Photo by Don Kellogg

Friday, November 25, 2016

In Transit

We have a new incarnation of a show I saw off-Broadway in 2010 at 59E59 Theater.  It really does take time to stew, to mature, and frankly to get the funds to mount an attack on Broadway.  Of course you have to be good, but there was never any doubt even when I saw this show back 6 years ago that it was a keeper.   Penned by a group of tremendously talented singers and artists - this a-capella musical  may not contain the solution to solving world hunger or climate change - but it does most assuredly entertain.  Are the stories fluffy, probably.  Are they stereotypical, likely.  But for sure, they are fun, they are mostly real, and definitely New York stories.

The subway.  The bowels all New Yorkers hate and equally need.  They're dirty, they're crowded, and they are what brings us all together gets us where we are going - both literally and figuratively.  This time around I am fairly sure the main components of the story have remained but without a video tape to watch the prior performance and only memory to go on, I'd say it was basically tightened, honed, and amp'd up just a bit for the Broadway.  There's still a gay couple, Trent (Justin Guarini) and Steven (Telly Leung) with a wedding problem, an actress, Jane (Margo Seibert) looking for her big break, a spot-on subway clerk, Althea, behind the glass (Moya Angela), a wall street guy , Nate, who made a little email mistake trying to make a change (James Snyder), and of course a beat-boxer extraordinaire, Boxman, (Steven "Heaven" Cantor).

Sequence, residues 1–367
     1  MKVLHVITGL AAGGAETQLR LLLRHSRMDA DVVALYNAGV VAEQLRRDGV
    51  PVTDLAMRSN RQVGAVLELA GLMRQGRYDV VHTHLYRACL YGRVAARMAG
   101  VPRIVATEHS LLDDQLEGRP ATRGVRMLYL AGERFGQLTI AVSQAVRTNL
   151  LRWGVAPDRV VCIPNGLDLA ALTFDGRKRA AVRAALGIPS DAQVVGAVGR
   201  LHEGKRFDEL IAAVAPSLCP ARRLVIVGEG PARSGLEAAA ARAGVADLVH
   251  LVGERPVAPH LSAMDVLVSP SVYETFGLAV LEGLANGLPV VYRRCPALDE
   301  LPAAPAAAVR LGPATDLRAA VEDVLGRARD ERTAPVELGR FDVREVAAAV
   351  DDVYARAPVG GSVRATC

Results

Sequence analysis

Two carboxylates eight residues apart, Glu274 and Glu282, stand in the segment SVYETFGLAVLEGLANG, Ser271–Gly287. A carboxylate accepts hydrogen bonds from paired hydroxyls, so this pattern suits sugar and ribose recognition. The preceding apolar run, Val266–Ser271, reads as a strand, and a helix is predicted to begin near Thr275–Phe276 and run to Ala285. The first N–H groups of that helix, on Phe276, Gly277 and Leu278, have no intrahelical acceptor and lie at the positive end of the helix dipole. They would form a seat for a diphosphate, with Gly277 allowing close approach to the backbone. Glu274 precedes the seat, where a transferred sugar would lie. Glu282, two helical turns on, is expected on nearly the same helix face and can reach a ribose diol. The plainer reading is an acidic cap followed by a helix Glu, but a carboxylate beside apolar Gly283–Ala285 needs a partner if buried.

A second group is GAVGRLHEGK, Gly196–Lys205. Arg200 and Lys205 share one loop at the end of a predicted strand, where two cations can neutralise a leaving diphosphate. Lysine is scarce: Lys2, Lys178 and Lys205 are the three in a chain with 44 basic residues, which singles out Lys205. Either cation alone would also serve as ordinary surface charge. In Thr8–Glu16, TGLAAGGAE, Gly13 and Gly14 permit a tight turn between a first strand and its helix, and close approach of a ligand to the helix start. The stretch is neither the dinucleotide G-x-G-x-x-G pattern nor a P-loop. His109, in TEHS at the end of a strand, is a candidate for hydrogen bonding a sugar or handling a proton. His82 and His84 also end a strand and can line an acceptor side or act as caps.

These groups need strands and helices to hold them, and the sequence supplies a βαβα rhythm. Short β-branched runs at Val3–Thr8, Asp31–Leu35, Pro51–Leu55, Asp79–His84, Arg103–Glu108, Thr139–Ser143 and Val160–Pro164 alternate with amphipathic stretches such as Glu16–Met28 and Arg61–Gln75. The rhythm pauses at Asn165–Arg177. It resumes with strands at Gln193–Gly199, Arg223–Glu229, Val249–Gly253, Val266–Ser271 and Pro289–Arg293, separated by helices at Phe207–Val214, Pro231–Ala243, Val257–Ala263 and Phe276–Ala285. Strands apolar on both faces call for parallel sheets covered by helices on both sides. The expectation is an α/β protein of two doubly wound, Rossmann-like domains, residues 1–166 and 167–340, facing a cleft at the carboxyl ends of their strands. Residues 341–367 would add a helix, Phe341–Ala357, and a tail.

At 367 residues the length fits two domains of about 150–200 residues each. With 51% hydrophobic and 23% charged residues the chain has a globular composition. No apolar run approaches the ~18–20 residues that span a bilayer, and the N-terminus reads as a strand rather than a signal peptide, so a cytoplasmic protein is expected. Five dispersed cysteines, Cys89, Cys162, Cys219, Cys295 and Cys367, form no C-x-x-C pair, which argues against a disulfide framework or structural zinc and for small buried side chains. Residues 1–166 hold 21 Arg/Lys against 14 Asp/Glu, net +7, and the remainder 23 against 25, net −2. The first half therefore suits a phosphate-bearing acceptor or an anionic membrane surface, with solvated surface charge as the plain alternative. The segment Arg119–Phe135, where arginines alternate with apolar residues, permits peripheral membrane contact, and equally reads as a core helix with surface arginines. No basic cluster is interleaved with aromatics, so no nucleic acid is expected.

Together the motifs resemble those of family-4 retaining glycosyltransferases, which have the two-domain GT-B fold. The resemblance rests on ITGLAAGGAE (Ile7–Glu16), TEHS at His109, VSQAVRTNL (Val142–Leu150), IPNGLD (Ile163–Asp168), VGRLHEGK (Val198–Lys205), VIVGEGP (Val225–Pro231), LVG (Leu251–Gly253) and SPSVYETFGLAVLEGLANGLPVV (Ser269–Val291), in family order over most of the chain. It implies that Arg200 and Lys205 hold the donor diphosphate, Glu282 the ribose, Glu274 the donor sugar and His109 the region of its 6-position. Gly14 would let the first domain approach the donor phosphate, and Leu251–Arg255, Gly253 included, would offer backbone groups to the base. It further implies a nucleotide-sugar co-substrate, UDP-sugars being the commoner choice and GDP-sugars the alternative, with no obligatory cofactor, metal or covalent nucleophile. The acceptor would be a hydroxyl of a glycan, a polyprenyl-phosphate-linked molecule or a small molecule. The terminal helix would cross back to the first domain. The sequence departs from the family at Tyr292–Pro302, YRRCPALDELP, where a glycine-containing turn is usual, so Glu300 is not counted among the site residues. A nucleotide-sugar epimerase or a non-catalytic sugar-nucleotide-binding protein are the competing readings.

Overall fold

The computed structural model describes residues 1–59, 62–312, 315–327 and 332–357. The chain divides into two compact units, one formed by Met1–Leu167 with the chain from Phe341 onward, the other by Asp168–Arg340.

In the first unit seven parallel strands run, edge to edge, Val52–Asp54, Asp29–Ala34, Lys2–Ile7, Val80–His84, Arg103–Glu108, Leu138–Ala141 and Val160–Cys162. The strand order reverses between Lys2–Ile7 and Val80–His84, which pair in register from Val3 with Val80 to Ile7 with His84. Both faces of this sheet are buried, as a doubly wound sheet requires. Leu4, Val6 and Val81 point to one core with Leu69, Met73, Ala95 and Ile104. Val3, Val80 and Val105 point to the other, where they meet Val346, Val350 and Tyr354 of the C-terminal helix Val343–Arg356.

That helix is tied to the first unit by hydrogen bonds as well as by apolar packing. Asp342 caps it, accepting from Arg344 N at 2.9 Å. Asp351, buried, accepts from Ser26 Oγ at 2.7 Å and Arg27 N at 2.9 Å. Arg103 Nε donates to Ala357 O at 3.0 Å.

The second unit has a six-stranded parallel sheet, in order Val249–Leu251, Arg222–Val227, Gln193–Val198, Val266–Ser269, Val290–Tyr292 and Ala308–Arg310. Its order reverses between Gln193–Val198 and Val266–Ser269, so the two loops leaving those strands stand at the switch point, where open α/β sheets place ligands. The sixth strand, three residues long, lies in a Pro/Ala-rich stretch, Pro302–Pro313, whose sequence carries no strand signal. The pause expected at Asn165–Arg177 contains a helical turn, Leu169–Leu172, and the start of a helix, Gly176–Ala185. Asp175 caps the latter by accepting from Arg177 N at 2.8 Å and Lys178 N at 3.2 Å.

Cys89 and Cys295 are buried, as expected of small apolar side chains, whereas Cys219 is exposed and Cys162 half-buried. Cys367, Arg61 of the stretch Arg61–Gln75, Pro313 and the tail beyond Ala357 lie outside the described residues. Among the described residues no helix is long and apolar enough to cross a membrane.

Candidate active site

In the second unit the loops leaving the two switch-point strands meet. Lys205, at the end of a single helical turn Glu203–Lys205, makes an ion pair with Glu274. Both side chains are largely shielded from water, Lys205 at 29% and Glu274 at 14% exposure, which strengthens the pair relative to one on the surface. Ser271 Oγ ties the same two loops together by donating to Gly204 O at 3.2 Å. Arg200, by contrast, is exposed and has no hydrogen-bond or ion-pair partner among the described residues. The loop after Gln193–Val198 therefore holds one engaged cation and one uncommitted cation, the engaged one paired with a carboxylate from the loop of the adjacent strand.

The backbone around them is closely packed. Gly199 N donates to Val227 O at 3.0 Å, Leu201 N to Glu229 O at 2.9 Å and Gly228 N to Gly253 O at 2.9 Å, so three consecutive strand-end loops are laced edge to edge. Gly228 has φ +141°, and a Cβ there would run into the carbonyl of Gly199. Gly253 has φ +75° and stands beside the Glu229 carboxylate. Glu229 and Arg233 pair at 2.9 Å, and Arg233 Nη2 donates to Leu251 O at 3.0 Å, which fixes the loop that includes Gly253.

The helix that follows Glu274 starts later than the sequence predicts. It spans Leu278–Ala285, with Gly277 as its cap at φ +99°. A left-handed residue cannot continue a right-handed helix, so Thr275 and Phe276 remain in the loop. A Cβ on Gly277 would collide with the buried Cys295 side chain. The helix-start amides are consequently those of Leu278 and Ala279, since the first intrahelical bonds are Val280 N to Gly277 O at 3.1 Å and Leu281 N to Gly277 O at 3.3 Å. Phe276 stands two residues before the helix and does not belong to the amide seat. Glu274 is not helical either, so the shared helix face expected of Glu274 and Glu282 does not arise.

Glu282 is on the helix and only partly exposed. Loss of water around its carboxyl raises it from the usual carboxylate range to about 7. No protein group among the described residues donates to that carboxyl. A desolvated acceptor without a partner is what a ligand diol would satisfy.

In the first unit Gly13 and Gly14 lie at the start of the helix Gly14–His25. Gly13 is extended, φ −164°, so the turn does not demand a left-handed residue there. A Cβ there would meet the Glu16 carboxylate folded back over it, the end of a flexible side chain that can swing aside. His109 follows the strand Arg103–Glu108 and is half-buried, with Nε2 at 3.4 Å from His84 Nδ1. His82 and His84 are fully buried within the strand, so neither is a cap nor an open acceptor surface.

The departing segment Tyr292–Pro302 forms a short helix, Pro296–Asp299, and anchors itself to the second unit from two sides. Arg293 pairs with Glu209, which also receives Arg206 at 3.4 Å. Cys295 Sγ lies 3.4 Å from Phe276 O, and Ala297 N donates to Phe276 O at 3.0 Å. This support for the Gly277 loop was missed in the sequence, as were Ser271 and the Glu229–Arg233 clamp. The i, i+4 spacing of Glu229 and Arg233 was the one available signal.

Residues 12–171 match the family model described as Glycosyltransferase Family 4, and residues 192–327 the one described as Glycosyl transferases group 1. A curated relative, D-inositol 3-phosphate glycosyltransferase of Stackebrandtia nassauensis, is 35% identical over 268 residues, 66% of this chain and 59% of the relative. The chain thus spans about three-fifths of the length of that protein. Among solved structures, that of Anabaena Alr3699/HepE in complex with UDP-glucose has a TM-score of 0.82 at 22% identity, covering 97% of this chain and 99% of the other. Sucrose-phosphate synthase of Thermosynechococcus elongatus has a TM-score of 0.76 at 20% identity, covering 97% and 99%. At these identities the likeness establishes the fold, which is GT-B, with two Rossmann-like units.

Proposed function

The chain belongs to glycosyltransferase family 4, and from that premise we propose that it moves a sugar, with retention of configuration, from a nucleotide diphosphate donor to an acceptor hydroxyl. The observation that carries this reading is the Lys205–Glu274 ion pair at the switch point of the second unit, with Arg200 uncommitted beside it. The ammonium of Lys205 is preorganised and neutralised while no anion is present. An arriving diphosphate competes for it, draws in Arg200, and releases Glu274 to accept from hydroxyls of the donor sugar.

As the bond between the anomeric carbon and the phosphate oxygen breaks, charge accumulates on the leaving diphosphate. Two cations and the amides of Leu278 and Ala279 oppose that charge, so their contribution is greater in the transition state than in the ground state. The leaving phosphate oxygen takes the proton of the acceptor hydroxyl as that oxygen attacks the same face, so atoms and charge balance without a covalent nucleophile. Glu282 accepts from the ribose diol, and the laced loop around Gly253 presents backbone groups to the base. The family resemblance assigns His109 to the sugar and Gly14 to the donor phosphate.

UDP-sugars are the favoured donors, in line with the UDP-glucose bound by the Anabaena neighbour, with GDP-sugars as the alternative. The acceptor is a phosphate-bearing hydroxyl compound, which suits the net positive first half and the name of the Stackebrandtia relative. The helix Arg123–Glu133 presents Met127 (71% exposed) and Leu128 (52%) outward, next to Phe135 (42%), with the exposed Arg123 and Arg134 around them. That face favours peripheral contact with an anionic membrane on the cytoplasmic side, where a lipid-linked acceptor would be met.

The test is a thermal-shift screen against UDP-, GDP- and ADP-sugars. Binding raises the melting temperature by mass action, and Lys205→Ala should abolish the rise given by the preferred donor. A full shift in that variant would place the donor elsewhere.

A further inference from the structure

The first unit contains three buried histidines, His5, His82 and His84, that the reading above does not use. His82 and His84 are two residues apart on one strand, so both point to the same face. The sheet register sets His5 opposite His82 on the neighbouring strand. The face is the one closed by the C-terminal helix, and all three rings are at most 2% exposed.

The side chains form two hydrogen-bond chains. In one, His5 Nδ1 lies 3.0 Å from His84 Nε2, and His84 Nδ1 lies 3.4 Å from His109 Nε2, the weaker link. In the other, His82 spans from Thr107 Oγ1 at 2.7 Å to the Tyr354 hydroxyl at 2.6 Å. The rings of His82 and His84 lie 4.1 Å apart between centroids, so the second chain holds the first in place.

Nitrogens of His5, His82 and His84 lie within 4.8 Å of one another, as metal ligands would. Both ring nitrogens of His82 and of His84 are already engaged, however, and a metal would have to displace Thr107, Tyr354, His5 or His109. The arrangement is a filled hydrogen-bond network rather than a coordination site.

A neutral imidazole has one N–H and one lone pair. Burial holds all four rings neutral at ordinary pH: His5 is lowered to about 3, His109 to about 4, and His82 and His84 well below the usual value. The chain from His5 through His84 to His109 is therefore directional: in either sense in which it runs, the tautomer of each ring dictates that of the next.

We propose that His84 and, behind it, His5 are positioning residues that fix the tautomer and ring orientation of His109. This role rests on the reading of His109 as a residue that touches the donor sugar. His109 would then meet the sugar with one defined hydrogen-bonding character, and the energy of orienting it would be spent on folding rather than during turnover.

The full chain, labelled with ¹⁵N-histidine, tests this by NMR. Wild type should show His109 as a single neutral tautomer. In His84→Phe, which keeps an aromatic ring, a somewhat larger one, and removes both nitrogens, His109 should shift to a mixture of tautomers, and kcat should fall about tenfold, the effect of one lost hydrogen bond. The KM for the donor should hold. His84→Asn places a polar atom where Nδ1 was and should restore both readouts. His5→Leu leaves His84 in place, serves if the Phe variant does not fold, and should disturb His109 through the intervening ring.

All the sounds you hear come from someone's vocal cords - no instruments, all vocals.  Subway seats fly on and fly off - actors parade back and forth on a narrow stage close up to the audience to reveal their stories in the round and up a flight of stairs on a platform above the tracks. Choreographed by Kathleen Marshall, the movements are brisk, crisp, and keep the show's train moving forward. Love is lost, then found again.  Friends and enemies are made and the zany antics of the subway are ever present.

This incarnation of the show is zippy, toe-tapping, touching, and upbeat with a heartwarming message.  Some might say sappy, others would just say fun.  Head over to Circle in the Square and head Deep Beneath the City in more ways than one.